I am Julie-Ann McCausland, a sole parent of an eight (8) year old son and a final-year New College student, who is pursuing a Specialist in Women and Gender Studies and a Minor in Equity Studies at the University of Toronto.
Arriving in Canada in January 2016 as a single mother presented me with many challenges. Primarily, my son and I were adjusting to being in a foreign country, while I was also learning about what it means to be the parent of a young black boy in the Toronto education system. I recall that one of the first things my son – who was five (5) years old at the time – was told by a teacher at his school when he started Senior Kindergarten, in 2016, is that he does not speak English, he speaks Jamaican.
While this experience acted as a stimulus, it was not until after my son was placed in the Behavioural Education classroom without my knowledge or consent that I was greatly inspired to write this book. I only found out about my son’s unauthorized placement in the Behavioural Education classroom about two months after the initial placement. Fortunately, my studies and research in gender and equity studies equipped me with the social justice and anti-oppressive lens that I needed to advocate for my son, through meetings with the Superintendent of my son’s school, to ensure that he was immediately removed from this classroom and given additional resources in his new classroom.
While I had the support and guidance of my Professors in Women and Gender Studies and Caribbean Studies, to challenge the school and advocate for my child, many other Black mothers do not have this opportunity because of the socioeconomic inequalities they face. Consequently, my book is intended as a tool to open conversations about the difficulties faced by Black single mothers who are newcomers or refugees (especially those working minimum wage jobs that limit their time and availability to advocate for their child/ren) in the Toronto education system.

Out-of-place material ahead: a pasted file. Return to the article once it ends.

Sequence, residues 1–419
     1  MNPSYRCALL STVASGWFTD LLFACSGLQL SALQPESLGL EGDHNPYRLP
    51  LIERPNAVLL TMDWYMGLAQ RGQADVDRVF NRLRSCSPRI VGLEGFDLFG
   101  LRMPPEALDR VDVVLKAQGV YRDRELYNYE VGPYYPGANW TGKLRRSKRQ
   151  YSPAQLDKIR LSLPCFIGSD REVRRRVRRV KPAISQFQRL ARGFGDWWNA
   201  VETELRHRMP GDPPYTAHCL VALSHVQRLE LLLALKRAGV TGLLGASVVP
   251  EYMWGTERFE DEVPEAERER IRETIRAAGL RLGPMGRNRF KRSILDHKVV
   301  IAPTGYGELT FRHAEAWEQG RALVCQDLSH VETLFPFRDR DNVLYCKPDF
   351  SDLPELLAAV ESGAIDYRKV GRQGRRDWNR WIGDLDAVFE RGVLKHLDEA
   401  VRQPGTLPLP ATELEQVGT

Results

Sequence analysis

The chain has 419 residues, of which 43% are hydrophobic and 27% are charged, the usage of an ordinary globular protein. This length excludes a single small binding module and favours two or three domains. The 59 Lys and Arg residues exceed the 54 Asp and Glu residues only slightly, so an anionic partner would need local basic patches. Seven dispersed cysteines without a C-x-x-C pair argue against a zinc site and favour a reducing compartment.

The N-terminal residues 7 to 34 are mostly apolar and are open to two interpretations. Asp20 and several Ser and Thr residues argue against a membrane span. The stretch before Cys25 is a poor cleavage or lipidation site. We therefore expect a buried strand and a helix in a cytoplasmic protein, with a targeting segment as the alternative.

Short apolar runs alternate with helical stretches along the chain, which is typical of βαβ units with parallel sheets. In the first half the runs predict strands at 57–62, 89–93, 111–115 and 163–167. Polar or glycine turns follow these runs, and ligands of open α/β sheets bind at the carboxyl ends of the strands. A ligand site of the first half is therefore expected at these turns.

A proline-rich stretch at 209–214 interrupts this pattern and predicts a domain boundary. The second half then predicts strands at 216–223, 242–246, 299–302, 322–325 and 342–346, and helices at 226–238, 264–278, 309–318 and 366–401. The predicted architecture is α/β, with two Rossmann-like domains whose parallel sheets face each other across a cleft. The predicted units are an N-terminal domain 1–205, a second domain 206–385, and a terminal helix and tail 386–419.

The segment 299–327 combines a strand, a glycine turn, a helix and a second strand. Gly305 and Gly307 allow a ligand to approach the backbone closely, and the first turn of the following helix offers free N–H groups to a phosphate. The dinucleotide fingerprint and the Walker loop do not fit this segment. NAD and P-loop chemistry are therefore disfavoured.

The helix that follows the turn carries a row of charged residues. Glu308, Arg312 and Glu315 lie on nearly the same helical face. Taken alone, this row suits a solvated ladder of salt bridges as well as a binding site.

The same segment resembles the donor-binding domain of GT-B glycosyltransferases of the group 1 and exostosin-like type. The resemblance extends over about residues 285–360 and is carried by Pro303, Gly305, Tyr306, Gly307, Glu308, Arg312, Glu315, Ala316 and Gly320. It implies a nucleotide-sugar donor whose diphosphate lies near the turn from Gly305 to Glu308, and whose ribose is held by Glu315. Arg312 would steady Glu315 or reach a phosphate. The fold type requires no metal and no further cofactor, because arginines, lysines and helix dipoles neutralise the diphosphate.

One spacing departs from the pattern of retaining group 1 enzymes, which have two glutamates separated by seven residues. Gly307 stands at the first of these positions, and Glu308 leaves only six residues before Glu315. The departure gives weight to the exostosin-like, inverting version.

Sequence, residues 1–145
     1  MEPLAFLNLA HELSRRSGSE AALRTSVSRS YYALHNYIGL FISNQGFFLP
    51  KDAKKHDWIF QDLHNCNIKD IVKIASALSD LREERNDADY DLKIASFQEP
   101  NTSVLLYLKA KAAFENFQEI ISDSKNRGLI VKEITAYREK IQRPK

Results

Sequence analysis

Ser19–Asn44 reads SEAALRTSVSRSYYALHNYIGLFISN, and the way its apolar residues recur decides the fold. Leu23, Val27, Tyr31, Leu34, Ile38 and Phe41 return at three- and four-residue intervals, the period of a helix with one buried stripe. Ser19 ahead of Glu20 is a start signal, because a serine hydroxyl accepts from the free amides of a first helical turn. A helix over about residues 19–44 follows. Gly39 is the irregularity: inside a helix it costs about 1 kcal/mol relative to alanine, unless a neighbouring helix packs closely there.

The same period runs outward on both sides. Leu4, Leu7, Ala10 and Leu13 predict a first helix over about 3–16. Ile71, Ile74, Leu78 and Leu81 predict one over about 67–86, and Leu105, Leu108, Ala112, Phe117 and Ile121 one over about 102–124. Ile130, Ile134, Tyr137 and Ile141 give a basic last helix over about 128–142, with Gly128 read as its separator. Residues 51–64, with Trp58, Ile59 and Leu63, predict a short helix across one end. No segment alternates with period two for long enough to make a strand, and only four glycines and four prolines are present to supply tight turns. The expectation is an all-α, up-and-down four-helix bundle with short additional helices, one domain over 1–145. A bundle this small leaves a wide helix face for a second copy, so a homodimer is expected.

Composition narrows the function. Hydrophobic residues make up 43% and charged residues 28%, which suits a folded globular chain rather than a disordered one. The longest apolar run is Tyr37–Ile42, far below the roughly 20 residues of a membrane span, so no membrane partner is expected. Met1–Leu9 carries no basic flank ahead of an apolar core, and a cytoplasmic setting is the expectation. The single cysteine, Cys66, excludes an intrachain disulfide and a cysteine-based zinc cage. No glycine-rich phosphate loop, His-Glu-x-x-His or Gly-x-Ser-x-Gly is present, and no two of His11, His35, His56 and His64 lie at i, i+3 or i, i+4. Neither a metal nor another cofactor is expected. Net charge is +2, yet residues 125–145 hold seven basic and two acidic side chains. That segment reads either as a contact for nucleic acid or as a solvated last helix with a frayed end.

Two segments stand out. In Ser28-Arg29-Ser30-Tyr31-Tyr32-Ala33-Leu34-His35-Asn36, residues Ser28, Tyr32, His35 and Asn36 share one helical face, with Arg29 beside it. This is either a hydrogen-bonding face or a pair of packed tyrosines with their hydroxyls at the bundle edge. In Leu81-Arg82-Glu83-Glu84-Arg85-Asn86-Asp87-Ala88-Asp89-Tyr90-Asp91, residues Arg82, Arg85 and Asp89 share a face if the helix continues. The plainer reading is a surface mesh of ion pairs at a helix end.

I also hope that my book will serve as a rejoinder to how my son was pathologized in the Toronto education system, where his Blackness as well as his Jamaican identity have acted as a form of disability. What this meant in my case is that my son became a “problem” that needed to disappear through his segregation into a special education classroom. My son’s Blackness and Jamaicanness were characterized as evidence of his ‘abnormality’. However, my book offers an alternate positive depiction of my child. The book challenges this depiction as it is an example of resistance, liberation, and self-affirming reclamation/definition which reflects a feminist, anti-racist ethic that resists the negative narratives/portrayals of young Black, disabled boys while at the same time celebrating the young Black, disabled boy for his uniqueness and autonomy.
The book is written in my son’s voice and focuses on his body, his thoughts and his overall experience in school. The book is intended for boys with intellectual disabilities and it is particularly geared towards the young Black, male, disabled child. I funded, self-published and distributed the book for free because I want it to be accessible to everyone especially to as many disabled Black boys as possible.